To achieve this goal, the athletes must use the tools and skills through different ways such as simulations and competitions which eventually become like full competition. Athletes can simulate adverse situations during practice in order to help them deal with these situations during competitions. Through simulation, this phase can assist the athletes in applying mental skills in their game plan while at the same time dealing with challenges (Burton & Raedeke, 2008, p. 45). In addition, the councilor must lead the assessment of the effectiveness of the mental skills training program.

He must also determine if the program should be revised to improve it. As athletes have different needs, PST should be modified according to these needs (Burton & Raedeke, 2008, p. 45). In lieu of the relaxation technique and use of imagery skills, athletes, in the practice phase, can use imagery before competing while other athletes never use it before the competition (Smith & Bar-Eli, 2007, p. 238). Once the athletes execute this skill or other skills well, the councilor or other superiors should continually encourage them to “take a moment to form an image of that execution” so that it becomes automatic.

Councilors can also encourage their athletes to use imagery wherein they accomplish their goals. If an athlete is experiencing life stress during practice, it is best to advise him to imagine a calm place so that he can relax and be mentally prepared for the challenge (Burton & Raedeke, 2008, p. 79). In order to meet the desired results, imagery practice needs to be systematic. This is one thing that athletes generally fail to do. Most of the time, they use imagery a few times days before the competition. However, they do not execute this on a regular basis.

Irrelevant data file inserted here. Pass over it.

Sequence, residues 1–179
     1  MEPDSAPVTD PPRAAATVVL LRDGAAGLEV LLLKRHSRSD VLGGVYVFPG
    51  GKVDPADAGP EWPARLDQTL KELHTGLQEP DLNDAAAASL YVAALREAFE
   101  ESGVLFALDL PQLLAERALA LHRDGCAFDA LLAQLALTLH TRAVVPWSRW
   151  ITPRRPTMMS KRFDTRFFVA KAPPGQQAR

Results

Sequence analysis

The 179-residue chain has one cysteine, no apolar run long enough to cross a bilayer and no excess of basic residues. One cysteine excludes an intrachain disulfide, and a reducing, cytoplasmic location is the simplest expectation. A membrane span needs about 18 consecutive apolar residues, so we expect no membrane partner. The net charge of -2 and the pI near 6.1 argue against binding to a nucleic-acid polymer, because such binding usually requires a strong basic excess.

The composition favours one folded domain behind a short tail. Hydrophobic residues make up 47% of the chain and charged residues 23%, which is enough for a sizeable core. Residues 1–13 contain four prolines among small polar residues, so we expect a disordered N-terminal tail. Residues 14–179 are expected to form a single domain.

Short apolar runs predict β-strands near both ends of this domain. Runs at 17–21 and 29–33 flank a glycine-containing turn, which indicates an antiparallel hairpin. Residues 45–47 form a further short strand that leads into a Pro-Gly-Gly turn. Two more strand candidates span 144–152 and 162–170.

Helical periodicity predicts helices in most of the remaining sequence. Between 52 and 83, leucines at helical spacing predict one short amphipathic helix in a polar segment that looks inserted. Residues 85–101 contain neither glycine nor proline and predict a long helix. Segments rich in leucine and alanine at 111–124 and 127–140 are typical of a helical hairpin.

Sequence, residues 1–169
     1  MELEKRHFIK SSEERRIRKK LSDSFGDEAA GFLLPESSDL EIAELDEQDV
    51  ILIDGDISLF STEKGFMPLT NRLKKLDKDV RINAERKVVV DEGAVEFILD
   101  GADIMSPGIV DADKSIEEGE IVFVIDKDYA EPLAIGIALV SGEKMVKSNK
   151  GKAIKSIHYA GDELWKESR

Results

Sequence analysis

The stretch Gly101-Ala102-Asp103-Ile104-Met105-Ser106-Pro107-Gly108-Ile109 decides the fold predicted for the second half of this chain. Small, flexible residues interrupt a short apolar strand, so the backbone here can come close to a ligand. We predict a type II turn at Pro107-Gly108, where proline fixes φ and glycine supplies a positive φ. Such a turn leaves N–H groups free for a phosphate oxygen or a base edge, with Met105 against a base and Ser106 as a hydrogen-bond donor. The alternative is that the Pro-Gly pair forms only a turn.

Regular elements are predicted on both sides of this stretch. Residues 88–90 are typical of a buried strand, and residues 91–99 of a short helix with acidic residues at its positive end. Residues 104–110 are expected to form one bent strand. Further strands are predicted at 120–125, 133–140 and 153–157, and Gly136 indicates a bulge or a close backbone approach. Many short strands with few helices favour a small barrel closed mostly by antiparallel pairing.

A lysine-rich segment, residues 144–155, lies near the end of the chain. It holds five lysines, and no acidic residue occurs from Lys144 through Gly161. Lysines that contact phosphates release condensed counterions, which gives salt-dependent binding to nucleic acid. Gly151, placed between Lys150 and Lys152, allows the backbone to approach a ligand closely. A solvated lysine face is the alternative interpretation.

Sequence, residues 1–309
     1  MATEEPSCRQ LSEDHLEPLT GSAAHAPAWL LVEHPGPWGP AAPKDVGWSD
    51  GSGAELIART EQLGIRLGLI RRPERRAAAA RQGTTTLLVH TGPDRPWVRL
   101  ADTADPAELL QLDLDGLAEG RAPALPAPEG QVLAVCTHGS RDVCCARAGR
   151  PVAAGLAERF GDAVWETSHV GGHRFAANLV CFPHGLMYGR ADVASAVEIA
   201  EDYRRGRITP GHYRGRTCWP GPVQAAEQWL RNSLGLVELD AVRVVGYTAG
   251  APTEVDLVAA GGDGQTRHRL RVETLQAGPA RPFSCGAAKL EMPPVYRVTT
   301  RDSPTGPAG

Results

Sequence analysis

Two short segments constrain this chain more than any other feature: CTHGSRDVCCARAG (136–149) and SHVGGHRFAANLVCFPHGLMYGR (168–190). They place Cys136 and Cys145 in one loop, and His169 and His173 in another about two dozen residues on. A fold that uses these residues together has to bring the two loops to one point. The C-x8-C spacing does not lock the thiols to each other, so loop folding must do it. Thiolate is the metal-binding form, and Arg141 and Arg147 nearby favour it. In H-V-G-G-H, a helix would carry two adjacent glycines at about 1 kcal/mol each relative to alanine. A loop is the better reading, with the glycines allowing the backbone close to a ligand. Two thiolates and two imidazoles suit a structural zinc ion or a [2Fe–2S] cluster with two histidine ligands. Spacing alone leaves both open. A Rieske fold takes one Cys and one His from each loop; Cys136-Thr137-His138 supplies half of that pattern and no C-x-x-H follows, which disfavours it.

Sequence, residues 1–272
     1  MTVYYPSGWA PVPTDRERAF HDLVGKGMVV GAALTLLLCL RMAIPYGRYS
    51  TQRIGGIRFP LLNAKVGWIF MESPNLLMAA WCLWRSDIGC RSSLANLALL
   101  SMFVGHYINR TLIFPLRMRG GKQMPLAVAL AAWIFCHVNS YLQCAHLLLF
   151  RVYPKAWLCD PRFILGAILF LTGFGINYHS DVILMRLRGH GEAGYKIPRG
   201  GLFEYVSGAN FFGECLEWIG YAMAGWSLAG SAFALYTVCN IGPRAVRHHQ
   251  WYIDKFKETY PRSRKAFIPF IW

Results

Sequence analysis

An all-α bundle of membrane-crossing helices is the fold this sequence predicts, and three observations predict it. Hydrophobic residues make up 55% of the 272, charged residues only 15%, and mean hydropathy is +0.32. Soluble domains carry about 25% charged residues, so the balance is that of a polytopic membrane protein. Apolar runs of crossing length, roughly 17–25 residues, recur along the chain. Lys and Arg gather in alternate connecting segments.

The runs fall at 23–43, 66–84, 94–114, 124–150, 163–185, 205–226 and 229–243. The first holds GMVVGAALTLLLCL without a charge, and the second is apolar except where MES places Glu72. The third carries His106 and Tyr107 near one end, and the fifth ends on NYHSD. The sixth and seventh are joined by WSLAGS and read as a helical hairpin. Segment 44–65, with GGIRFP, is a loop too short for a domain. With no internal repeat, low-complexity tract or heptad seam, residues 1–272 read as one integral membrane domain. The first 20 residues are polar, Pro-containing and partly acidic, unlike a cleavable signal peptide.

Athletes need to understand that imagery will only be effective if practiced systematically. To facilitate them with imagery practice, athletes must first conduct practice of physical skills and strategy. Then they can use imagery to develop their psychological skills such as stress management and motivation. These mental skills must depend on the specific needs of athletes. After then they can incorporate imagery during competition. The councilor can encourage the athletes to use imagery before competition (say, in the locker room) and during competition (on the bench).

Imagery can also be used for arousal control whenever time permits it. Also, athletes competing in individual events can use imagery between rests to handle stress (Burton & Raedeke, 2008, p. 80). In addition, there are athletes who can use relaxation techniques during the competition. On the other hand, there are athletes who cannot use relaxation while competing. The most important in this phase is that these differences among individuals are allowed to appear. The councilor must take into account the fact that skills should meet the needs and personality of the athletes (Smith & Bar-Eli, 2007, p.

238). In general, psychological skills training is essential in enhancing performance, especially in sports. PST has three phases, including education phase, acquisition phase, and practice/implementation phase. Education phase is where the athletes learn the importance of incorporating PST into their training. Acquisition phase, on the other hand, will assist the athletes in acquiring their desired skills. Lastly, practice phase indicates that mental training tools and skills are effective once the athletes overlearned them. Athletes can use techniques to enhance their performance during competitions.

References Burton, D. and Raedeke, T. D. (2008). Sport psychology for coaches. United States: Human Kinetics. Cashmore, E. (2002). Sport psychology: The key concepts. United States: Routledge. Hollenbeck, L. (n. d. ). Psychological skills training and mental preparedness. Minnesota Youth Soccer. Retrieved April 20, 2009, from http://www. mnyouthsoccer. org/coaches/articles/mental. pdf Lewis-Clark State College. (n. d. ). Psychological skills training (PST). Retrieved April 20, 2009, from http://www. lcsc. edu/mcollins/psychological_skills_training. htm


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  • University/College: University of Arkansas System

  • Type of paper: Thesis/Dissertation Chapter

  • Date: 26 October 2016